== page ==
Mentions: We introduced single or double amino acid substitutions in residues scattered in all 11 loops and adjacent helices of the r11bA structure with the exception of the largely hydrophobic βC-α2 loop (H183FT) and the α2-α3 loop (N192PNP) (where a P195A substitution had detrimental effects on metal ion coordination; Michishita et al., 1993). All of the targeted residues had solvent-exposed side chains (relative total side chain accessibility values ranged from ∼25 to 100%), and were replaced either with residues from CD11a (which does not bind to iC3b or NIF), with residues having the opposite charge, or with alanines. The WT and mutant receptors expressed in COS cells were then probed with mAbs or ligands as described (Michishita et al., 1993; Rieu et al., 1996). None of the mutations affected the normal expression of the receptors as judged by binding of the anti-CD11b mAbs OKM10 (Fig. 2 A), 903, and the anti-CD18 mAb TS1/18 (Rieu et al., 1996; and data not shown). Binding of G143M, D149K, E178E/AA, T203Q/KH, R208L, F246K, and E278K/AA receptors to iC3b was either absent or significantly reduced (Fig. 2 B), whereas that of E244K and D273K was significantly increased. Gain-of-function mutations are not unusual in contact regions of protein–protein complexes (Clackson and Wells, 1995). A smaller but still significant increase in binding of K166S/AA was also observed. None of the remaining eight mutations (involving 11 amino acids) affected iC3b binding significantly. The loss of iC3b binding to some mutants was not caused by defective formation of the heterodimer (Fig. 2 B, inset; Rieu et al., 1996) or an inability of the domain to bind metal: Mn54 bound directly to G143M, D149K, E178E/AA, and R208L r11bA mutants, and the metal-dependent interaction of biotinylated NIF with the remaining mutants T203Q/KH, E244K, F246K, D273K, and E278K/AA was normal (Rieu et al., 1996). With the exception of E278K and T203 (PQ and K, respectively, in mouse), the residues involved in iC3b binding were either identical (G143, D149, E179, Q204, R208, E244, and F246) or conserved (E178 and D273) in mouse CR3 (Pytela, 1988). This may explain the ability of mouse and human CR3 to bind to human and mouse iC3b, respectively. The relative affinity of these cross-species interactions has not been determined.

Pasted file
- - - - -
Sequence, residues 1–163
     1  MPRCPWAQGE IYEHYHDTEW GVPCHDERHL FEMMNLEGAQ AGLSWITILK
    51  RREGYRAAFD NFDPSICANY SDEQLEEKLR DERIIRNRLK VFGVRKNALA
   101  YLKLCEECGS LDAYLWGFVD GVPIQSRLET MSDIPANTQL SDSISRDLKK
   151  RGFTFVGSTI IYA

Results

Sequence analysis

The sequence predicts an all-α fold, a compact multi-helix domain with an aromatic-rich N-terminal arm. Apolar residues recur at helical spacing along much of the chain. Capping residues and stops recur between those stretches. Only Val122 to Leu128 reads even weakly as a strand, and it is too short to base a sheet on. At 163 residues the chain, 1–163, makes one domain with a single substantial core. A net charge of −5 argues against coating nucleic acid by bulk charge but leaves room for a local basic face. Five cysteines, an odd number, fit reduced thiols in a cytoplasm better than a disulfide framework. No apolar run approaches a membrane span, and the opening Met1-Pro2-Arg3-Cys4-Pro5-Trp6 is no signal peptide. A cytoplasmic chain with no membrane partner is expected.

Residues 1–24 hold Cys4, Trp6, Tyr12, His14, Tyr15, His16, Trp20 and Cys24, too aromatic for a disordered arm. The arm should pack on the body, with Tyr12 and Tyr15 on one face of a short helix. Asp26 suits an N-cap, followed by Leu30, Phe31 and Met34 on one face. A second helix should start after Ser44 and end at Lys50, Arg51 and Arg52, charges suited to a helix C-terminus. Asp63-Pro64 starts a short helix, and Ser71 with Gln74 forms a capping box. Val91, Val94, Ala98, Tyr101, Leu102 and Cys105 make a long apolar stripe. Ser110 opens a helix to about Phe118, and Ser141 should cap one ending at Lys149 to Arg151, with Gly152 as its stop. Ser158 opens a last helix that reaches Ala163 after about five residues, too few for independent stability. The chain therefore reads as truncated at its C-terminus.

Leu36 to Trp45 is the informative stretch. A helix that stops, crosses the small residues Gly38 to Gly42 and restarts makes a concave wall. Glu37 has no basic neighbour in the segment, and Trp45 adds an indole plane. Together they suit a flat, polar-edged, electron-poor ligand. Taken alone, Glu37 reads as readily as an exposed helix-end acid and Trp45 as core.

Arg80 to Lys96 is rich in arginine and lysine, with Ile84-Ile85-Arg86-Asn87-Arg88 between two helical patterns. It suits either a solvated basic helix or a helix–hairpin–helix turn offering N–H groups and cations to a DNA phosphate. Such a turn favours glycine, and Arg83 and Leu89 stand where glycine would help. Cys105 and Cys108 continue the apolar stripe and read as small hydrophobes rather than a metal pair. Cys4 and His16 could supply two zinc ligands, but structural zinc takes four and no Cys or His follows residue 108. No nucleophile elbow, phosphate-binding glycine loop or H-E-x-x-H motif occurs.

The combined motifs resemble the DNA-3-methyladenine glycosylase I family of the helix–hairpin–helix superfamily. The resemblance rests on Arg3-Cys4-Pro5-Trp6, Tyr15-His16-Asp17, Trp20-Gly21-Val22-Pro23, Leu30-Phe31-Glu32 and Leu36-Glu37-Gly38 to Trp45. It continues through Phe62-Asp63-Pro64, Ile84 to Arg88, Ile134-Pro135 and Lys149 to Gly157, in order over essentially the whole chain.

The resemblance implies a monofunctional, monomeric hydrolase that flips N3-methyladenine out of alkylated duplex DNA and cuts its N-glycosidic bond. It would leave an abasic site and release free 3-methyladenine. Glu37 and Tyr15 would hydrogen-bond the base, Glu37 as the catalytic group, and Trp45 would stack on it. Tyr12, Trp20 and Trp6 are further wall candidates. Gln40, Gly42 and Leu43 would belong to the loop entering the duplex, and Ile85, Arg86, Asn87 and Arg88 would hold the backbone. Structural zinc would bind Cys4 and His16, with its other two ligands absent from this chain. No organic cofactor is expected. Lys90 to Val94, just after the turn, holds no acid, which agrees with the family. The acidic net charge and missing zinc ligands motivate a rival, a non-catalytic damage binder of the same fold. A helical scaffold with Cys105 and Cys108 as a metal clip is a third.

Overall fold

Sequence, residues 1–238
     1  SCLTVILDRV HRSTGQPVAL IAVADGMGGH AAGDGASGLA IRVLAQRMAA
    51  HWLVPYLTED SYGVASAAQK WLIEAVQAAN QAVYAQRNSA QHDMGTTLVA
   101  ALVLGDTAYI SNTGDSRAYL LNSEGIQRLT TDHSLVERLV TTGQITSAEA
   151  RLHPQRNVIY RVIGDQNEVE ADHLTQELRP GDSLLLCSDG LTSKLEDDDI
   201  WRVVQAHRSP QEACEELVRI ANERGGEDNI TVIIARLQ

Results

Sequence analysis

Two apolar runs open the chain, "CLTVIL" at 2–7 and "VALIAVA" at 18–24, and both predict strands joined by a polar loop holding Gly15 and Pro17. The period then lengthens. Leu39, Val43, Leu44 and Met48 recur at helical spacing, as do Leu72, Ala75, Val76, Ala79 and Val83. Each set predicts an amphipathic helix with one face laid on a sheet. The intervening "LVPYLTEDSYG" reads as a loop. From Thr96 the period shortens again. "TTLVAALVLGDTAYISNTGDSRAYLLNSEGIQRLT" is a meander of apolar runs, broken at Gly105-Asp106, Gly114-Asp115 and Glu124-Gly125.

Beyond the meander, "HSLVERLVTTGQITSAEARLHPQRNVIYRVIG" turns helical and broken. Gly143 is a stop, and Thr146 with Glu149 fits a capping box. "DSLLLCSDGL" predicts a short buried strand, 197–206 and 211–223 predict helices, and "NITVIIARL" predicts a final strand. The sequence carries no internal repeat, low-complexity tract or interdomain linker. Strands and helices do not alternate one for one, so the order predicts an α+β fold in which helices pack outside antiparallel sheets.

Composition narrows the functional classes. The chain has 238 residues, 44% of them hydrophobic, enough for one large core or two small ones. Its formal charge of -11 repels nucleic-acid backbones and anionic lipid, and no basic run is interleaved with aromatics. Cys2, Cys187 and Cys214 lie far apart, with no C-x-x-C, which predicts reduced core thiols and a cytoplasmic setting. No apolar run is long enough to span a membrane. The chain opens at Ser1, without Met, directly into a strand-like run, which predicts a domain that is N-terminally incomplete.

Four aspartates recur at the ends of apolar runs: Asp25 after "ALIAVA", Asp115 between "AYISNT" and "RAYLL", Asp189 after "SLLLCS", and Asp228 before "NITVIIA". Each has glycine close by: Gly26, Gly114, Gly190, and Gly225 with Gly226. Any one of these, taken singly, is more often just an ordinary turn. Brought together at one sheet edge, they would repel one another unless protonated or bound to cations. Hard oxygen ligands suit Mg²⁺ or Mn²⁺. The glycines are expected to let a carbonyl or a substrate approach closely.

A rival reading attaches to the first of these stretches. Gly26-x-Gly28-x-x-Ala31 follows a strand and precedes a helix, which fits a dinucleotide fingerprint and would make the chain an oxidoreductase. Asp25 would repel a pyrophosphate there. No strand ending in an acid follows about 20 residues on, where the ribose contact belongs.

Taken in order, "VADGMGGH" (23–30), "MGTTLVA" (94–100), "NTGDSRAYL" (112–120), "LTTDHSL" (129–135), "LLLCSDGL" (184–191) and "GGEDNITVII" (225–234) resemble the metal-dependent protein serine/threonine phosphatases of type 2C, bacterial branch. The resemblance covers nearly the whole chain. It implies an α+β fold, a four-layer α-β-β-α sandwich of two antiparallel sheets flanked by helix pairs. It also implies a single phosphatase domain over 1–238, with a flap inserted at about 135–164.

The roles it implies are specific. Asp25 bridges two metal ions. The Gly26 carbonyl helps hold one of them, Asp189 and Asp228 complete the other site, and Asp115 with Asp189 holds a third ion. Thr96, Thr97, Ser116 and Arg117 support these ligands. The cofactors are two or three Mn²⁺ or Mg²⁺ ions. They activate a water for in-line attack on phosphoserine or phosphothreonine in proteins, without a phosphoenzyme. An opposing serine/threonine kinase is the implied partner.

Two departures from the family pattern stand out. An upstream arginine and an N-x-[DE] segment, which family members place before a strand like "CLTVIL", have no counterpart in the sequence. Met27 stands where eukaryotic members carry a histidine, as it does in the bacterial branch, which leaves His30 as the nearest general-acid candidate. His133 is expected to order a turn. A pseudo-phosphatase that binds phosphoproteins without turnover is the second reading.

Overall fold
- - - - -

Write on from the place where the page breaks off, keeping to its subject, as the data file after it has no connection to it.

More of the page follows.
Bottom Line: Approximately 10% of wild-type CD11b A-domain is present in an "active" state (binds to activation-dependent ligands, e.g., iC3b and the mAb 7E3).In the isolated domain and in the holoreceptor, the percentage of the active form can be quantitatively increased or abolished in F302W and T209A mutants, respectively.The iC3b-binding site is located on the MIDAS face and includes conformationally sensitive residues that undergo significant shifts in the open versus closed structures.